Commodore survived its 1986 financial scare and went on to produce several subsequent Amiga models, including this - the Amiga 500 - a model which saw a return to Commodore's tradition of selling through mass-market retail outlets, a move which enabled the 500 to become the best-selling Amiga model[38]. In the US, the Amiga had finally started making some headway in the market and appeared to have contributed to Commodore International's financial turn-around, with the company going from a loss of $53.2 million in the second quarter if 1986 to a profit of $21.8 million in the same quarter in '87[39]. However in the UK, Commodore's Amiga marketing had not worked particularly well and sales were low - factors which perhaps explained the unexpected "resignation with immediate effect" of Commodore Europe big cheese and one-time General Manager of Commodore UK Nick Bessey, who left to go to an IBM dealership in New Zealand. Amigas had previously considered overpriced and definitely not mass-market, even though any mention of the machines were nearly always accompanied with words like "excellent" and "wonderful"[40].

At around this time, parent company Commodore International announced that it had signed a major deal with arcade-machine builder Bally, which would allow Bally to develop a whole new generation of coin-operated arcade games based on the Amiga. As part of the deal, Commodore would receive software rights to anything developed, in return for the Amiga's graphics capabilities - the key to the deal being the three co-processors that made the Amiga so good: Agnus, Denise and Portia, plus 1.5Mb of ROM for game code - and Commodore's technical know-how. Commodore's US general manager Nigel Shepherd suggested that "this association will particularly enhance the value of the soon-to-be introduced A500" whilst Bally's Roger Keesee said "The Amiga's ability to generate over 4,000 different colours, plus special effects capabilities can provide for substantially improved high-resolution graphics, not only in our games systems but in our other video products"[41]. A few weeks later, games company Mastertronic announced that its arcade cabinets also contained the same Amiga-based "B-52" boards. Recently launched in the US under the Arcadia Systems subsidiary, Mastertronic was a new entrant in the competitive arcade games market and was now a direct competitor with Bally. Mastertronic's Geoff Heath was somewhat pragmatic about this situation, suggesting that "[Bally is] a multi-million pound company, and we're still working on it"[42].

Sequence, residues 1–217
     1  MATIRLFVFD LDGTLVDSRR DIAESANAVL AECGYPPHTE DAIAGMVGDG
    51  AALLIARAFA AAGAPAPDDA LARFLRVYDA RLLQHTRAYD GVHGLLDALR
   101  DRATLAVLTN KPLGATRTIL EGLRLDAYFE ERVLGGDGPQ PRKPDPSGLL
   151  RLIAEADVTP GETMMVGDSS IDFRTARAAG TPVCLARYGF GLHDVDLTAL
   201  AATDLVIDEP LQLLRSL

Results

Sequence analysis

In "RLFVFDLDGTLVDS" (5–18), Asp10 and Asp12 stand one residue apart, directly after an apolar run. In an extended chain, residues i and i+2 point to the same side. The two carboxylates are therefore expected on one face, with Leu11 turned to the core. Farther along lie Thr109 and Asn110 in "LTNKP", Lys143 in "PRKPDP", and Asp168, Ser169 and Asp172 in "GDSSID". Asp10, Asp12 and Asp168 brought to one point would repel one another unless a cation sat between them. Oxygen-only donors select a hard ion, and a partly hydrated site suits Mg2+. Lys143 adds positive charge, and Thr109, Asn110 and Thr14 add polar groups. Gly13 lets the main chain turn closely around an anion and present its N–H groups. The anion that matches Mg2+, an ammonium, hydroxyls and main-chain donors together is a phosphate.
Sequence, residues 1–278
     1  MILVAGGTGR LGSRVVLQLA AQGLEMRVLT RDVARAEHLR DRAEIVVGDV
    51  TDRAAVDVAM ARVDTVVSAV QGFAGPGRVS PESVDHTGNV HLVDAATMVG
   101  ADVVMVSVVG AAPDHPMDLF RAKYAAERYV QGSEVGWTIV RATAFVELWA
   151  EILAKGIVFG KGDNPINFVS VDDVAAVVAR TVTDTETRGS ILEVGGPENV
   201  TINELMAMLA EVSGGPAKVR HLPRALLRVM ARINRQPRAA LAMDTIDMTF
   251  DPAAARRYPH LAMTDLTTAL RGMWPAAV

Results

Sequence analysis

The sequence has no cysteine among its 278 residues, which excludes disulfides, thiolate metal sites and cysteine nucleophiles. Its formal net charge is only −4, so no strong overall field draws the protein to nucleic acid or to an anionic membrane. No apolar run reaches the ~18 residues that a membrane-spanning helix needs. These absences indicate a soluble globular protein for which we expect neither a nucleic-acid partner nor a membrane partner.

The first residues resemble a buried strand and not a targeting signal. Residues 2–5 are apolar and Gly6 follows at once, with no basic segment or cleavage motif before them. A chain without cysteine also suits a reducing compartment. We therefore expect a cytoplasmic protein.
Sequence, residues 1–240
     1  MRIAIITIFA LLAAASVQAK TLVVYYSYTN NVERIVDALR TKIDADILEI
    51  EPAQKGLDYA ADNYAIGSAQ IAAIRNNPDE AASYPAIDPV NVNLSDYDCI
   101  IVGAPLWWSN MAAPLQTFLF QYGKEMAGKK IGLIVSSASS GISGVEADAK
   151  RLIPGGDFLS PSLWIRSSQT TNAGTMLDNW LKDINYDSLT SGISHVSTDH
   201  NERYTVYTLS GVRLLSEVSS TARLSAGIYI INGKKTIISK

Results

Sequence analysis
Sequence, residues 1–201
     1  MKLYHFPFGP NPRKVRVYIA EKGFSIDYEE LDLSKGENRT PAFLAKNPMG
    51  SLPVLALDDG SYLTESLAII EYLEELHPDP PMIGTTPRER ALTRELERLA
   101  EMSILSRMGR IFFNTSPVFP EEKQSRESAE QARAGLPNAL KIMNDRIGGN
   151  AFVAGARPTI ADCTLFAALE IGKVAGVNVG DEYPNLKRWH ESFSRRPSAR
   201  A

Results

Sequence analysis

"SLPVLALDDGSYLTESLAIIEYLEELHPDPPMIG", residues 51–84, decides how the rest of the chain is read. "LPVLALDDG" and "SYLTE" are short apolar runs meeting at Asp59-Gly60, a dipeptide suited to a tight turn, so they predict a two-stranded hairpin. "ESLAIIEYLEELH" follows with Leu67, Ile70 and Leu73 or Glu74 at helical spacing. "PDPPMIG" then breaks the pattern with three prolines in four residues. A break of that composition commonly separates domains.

Finally, the affordable Amiga

Frank Herman of Mastertronic, © Popular Computing Weekly, December 1987